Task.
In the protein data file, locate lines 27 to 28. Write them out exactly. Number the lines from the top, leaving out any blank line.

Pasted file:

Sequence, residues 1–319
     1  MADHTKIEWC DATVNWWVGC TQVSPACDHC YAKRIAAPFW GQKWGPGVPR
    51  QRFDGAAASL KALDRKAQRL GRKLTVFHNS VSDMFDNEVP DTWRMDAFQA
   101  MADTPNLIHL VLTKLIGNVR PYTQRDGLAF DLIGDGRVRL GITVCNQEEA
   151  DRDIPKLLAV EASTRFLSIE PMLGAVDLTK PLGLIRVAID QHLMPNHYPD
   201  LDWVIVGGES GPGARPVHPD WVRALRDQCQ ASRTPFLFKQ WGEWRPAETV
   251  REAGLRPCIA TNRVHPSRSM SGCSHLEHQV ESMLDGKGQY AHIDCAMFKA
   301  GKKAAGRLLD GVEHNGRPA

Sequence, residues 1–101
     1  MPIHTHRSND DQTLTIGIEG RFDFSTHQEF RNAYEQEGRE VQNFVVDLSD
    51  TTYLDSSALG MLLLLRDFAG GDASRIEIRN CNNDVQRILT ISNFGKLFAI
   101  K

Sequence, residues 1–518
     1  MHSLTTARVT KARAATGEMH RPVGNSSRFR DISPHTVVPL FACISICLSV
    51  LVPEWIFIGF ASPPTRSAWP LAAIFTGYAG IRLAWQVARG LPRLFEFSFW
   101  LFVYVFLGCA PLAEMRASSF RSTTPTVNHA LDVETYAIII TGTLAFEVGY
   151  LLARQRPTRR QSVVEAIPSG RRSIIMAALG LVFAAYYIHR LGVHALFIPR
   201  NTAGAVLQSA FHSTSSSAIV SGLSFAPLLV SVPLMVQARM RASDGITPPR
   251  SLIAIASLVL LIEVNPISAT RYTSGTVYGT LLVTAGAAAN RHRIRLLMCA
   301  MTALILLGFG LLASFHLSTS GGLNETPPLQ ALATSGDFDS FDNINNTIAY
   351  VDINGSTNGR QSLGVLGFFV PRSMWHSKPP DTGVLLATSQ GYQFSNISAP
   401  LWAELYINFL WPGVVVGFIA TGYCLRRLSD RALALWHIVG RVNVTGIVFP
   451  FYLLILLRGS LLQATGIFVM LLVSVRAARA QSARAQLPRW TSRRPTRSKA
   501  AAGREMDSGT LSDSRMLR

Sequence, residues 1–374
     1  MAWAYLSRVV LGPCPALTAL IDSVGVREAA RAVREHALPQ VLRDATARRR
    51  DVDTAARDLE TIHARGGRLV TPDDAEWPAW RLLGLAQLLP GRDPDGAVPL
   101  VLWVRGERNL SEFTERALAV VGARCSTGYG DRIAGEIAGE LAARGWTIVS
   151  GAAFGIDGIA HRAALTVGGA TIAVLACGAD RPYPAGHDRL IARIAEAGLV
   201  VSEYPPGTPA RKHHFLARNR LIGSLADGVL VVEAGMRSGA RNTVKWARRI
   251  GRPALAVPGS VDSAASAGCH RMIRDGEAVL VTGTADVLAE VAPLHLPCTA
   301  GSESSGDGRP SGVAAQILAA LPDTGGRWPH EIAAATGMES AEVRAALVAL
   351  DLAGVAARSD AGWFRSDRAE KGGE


    51  DVDTAARDLE TIHARGGRLV TPDDAEWPAW RLLGLAQLLP GRDPDGAVPL
   101  VLWVRGERNL SEFTERALAV VGARCSTGYG DRIAGEIAGE LAARGWTIVS